What is a close reading of the first four pages (the poems) in Silko's Ceremony?

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Leslie Marmon Silko’s use of poetry in the opening pages of her novel Ceremony serves to accentuate the genre boundaries in Western literature and to prompt the reader to examine the falsity of such rigid lines. The content of the poems is concerned with the fundamental nature of creativity,...

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Leslie Marmon Silko’s use of poetry in the opening pages of her novel Ceremony serves to accentuate the genre boundaries in Western literature and to prompt the reader to examine the falsity of such rigid lines. The content of the poems is concerned with the fundamental nature of creativity, as the speaker invokes the generative power of thought and femaleness: “whatever she thinks about appears.” The female aspect of creativity is emphasized through the mention of the two sisters who created not just this world, but the whole universe.

Creativity is rendered metaphorically through different forms, the web and the story. Weaving becomes the implicit metaphor for the processes that the spider/Thought Woman and author share. By asserting immediately that Thought Woman is a spider, Silko suggests the web as a basic creative structure, which influences the complexities of the structural organization of the novel that follows. Simultaneity is equally important as chronology in relating events and characters to each other. At the same time, she encourages the reader to identify not only with the spidery webmaker but with her prey—as readers, we will be caught in the web, or tale, that Silko spins.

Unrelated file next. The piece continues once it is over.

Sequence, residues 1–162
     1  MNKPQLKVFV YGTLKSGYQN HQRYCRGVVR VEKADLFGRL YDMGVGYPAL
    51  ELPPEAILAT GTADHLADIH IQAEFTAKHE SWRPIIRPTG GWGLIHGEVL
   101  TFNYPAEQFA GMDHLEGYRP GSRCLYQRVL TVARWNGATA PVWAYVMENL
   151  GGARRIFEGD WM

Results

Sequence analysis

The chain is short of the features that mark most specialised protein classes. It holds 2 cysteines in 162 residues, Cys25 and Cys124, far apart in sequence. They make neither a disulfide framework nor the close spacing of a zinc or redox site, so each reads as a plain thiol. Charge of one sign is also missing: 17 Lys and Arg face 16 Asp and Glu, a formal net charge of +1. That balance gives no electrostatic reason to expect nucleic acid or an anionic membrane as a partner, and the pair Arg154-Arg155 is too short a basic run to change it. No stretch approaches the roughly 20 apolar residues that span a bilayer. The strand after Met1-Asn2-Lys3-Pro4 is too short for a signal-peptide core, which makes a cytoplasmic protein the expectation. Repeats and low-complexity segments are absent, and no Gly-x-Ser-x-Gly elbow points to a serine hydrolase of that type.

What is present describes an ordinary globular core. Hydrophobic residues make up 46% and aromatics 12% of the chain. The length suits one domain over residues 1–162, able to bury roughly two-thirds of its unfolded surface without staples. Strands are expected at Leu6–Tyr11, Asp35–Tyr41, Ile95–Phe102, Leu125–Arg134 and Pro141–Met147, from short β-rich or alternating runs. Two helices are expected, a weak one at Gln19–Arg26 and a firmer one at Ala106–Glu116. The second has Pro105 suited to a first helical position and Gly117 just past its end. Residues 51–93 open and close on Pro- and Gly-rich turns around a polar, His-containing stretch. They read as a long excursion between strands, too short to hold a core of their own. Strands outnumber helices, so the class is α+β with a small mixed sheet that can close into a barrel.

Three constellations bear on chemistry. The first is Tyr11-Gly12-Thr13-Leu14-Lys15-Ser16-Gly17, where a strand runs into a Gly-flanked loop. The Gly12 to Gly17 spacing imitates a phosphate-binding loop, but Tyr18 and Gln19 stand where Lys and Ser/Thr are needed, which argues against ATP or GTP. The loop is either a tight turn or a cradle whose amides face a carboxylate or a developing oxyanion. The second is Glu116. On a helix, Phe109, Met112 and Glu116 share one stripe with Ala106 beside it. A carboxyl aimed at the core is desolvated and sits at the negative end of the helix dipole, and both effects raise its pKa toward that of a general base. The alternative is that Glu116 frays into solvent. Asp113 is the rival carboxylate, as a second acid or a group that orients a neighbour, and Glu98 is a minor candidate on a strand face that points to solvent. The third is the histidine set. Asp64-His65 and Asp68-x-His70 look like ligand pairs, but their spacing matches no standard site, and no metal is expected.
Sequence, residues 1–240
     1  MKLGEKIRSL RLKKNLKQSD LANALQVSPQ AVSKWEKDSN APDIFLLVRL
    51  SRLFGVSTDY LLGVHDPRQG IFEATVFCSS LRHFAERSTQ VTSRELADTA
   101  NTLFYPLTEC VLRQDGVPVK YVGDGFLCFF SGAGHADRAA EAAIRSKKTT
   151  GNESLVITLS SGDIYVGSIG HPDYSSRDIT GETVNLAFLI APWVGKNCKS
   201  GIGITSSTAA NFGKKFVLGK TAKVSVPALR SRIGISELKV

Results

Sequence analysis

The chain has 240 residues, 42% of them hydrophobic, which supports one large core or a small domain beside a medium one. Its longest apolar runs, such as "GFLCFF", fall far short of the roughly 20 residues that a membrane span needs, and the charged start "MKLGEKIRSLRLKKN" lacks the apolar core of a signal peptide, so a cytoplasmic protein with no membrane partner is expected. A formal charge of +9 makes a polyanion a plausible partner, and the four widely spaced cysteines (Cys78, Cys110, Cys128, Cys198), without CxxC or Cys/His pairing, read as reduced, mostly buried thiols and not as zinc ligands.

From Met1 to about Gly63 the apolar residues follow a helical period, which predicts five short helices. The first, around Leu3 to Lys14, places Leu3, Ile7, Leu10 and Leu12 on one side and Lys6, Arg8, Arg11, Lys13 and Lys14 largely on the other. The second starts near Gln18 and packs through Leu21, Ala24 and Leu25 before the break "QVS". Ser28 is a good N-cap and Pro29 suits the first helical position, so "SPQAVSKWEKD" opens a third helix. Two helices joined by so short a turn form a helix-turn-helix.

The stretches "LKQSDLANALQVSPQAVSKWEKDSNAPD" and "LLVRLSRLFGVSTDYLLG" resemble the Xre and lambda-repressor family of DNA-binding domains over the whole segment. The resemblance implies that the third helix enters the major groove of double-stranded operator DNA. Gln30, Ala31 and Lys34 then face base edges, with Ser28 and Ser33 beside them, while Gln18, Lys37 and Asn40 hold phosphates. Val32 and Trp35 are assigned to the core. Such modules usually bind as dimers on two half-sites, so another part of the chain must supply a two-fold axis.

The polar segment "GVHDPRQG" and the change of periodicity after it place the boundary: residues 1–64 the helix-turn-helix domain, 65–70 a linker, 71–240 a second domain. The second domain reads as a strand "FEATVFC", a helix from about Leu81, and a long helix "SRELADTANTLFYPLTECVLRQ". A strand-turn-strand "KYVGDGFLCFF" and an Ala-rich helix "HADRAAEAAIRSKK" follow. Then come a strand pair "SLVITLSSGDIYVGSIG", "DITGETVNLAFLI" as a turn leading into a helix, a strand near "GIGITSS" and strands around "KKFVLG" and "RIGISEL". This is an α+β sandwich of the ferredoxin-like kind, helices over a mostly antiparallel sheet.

The speaker in the second poem is identified as “he,” but we do not learn if that is the same speaker as in the first one. The subject of stories is extended and amplified, much as a strand of silk becomes a web, through the speaker’s assurance that he will tell us about the power of stories. His assertion amplifies the importance of stories established in the first poem:

You don’t have anything

If you don’t have the stories.

The belly of the creative person—here rendered as male, but with a clear implication of female fertility—is also likened to the reservoirs of culture contained in ceremonies.

The third poem may be a response to the male speaker, as it begins, “What She Said,” or it may jump back to connect with the first poem as part of the speaker’s promise. This singular statement encapsulates not only the generative but the restorative power of culture and creativity: “The only cure / I know / is a good ceremony….”

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